A recent inquiry into the place of religion in modern society has called for public life in Britain to be systematically de-Christianised. It says that the decline of churchgoing and the popularity of other faiths mean that a “new settlement” is needed for religion in the UK, giving more official influence to non-religious voices and those of non-Christian faiths.
The Commission on Religion and Belief in Public Life, chaired by former senior judge Baroness Butler-Sloss, was critical of religious education in schools. While supporting the value of education about religion and belief in schools, the Commission insists that the subject should be re-named (to appear less “religious”?) and should not contain elements of “confessional instruction or indoctrination” in faith schools.
I suspect that the term “indoctrination” provides an interesting insight into the Commission’s perspective on the value of schools which are shaped by religious traditions. I wonder whose views were sought, which schools were visited, how many young people and parents were asked for their experience of religious education in today’s schools. I doubt that many could point to experiences of “indoctrination”, of being coerced into accepting Church doctrine without conscious thought or free will.
Recently the Scottish Catholic Education Service published its syllabus for Religious Education for the Senior Phase – pupils in S4, S5 & S6. This builds on our existing syllabus for the Broad General Education phase – P1 through to S3. Both documents had been developed over a number of years and have been carefully constructed to reflect the statutory position of Scotland’s Catholic schools. So, while the earlier document is in line with the Scottish Government’s Curriculum for Excellence, its contents were also approved by the Vatican as authentic Church teaching.
At the launch of the Senior Phase syllabus, I spoke about how Religious Education in Scotland’s Catholic schools had developed over the past 50 years since the second Vatican Council. I demonstrated how its contents had reflected changes in how the Catholic Church had engaged with the world and with other faiths. And yet, during these years of seismic social change, the content of Religious Education programmes in Catholic schools remained constant and true to Church Tradition.
Across fifty years very significant changes can also be seen in the learning and teaching approaches adopted in Religious Education in Catholic schools. Today’s pupils are not expected to sit in passive silence, accepting “religious instruction” obediently and unquestioningly. They are expected to be inquisitive, to enquire and research, to seek people’s views and experiences. They address the “big questions” of today – about the origins of our planet and our species, the causes and impact of climate change, issues of social justice, moral and ethical dilemmas, the devastation of warfare. Critically, they are encouraged to learn from the wisdom offered in Scripture and in the Tradition of the Church as they develop their own personal relationship with God and respond to these questions. They also learn about other religious traditions and about the viewpoints of those who do not adhere to any religious belief of tradition.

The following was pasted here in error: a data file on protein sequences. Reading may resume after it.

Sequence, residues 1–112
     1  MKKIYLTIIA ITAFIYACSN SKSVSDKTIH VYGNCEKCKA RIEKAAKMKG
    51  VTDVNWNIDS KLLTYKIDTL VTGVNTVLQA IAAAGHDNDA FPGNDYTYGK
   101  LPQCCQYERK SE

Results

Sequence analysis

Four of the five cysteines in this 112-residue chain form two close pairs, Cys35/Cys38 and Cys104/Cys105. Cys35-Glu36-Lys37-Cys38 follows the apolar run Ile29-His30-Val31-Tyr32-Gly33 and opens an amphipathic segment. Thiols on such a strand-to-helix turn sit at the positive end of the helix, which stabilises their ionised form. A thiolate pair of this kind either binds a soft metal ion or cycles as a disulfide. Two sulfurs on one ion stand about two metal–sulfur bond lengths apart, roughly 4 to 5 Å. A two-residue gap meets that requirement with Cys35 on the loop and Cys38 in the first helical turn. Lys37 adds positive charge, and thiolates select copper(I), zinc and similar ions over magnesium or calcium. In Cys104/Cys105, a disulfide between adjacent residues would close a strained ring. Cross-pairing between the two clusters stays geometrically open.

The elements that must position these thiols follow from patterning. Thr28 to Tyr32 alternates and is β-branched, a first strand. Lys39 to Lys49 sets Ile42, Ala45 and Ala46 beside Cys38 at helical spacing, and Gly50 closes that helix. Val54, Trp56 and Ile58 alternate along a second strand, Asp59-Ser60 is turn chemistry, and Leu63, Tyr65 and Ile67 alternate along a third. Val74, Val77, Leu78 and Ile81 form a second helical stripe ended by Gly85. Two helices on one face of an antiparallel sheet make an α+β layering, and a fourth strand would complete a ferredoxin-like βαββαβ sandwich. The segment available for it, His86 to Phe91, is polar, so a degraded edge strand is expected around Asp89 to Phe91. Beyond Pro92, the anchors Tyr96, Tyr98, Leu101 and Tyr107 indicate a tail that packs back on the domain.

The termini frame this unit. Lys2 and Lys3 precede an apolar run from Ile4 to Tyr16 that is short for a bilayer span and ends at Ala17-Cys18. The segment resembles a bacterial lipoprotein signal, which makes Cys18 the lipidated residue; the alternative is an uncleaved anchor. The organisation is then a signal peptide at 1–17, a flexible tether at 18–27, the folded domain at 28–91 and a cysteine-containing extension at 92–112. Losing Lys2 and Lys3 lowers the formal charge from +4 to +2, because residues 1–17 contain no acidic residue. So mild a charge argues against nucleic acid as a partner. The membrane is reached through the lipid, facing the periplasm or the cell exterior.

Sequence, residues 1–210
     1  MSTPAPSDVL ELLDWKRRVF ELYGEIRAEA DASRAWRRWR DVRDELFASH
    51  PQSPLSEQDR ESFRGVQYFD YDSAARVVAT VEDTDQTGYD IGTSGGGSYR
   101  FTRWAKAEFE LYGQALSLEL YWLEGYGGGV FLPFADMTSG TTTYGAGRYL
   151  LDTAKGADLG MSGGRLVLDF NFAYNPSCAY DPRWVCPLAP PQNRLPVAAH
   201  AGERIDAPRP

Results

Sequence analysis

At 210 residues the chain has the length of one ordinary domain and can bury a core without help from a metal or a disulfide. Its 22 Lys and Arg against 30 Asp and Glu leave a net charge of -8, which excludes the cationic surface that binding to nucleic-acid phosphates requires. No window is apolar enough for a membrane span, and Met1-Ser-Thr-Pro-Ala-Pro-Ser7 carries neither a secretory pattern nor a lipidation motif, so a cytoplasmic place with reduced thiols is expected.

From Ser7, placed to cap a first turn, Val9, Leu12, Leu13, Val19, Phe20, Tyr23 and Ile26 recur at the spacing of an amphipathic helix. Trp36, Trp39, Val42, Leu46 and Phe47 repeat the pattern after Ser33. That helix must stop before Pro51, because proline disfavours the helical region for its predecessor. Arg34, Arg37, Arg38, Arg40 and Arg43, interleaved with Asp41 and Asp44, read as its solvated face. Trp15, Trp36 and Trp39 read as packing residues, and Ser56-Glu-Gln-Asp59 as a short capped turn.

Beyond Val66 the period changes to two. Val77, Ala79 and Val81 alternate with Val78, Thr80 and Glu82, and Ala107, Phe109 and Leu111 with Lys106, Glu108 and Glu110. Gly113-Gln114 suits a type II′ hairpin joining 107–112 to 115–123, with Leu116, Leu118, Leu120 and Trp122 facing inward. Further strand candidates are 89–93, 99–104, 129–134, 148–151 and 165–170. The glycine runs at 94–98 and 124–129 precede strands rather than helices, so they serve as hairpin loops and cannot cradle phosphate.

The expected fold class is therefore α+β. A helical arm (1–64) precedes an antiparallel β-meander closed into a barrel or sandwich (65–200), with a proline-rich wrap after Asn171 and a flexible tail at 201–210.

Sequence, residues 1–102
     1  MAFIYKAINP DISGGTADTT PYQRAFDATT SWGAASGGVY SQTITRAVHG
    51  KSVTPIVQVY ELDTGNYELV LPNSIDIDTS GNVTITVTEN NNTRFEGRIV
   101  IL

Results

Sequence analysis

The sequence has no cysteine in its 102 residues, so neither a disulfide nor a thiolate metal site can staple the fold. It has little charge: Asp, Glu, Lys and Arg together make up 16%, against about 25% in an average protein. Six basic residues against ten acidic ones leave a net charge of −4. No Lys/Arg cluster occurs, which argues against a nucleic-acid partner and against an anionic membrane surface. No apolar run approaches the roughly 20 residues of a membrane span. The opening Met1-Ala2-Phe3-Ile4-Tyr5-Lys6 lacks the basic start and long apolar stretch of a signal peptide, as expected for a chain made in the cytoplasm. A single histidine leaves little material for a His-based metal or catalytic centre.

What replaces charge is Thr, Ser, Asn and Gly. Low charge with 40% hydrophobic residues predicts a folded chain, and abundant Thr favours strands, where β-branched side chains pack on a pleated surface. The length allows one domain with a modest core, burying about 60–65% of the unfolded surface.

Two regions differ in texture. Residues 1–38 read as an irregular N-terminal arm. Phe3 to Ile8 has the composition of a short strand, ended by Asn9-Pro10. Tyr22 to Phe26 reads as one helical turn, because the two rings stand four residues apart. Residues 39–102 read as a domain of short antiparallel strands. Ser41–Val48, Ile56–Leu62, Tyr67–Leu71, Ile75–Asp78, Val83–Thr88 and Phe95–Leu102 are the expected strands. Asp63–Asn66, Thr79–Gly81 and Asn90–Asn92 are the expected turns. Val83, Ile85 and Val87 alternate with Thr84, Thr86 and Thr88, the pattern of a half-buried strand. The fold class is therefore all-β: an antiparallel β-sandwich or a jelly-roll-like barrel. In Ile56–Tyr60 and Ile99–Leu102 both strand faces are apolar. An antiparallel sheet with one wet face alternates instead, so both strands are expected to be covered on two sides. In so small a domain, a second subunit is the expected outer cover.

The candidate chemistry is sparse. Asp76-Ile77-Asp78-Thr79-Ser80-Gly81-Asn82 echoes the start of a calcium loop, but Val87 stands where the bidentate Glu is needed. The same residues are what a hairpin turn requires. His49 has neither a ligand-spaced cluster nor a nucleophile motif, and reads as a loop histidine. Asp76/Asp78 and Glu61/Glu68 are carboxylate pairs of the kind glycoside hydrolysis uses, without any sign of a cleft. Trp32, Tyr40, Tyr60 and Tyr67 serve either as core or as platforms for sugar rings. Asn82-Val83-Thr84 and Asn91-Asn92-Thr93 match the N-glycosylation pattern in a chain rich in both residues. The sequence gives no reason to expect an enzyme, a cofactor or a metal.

In all this learning they are invited to grow in faith and to acquire values which are life-enhancing – good for them and for the world – and to become people of virtue whose habits of the heart compel them to turn outward to the world and to offer loving service to their neighbour, near and far. Out of these experiences of learning, reflection and action, some young people are enabled to develop a maturing personal relationship with God. Others may benefit from developing as people of moral and social conscience who do not affiliate to any religious tradition.
Archbishop Philip Tartaglia, speaking on behalf of the Scottish Bishops at the launch of the Senior Phase Religious Education syllabus, reminded the audience that “every Catholic school is first and foremost a place where young people encounter Jesus Christ, a school where faith has been placed at the heart of the curriculum. It can never be a ‘bolt-on’, a minority subject, merely a statutory obligation. It should be our first priority, our central focus, to ensure that the religious education experienced by our young people is relevant, engaging and, indeed, transformational.”
This is a vision which is being realised in Catholic schools across the country, a vision which offers great hope to the Church in Scotland. I hope that it might find resonance with many people, even with members of the Commission on Religion and Belief in Public Life.
Director, Scottish Catholic Education Service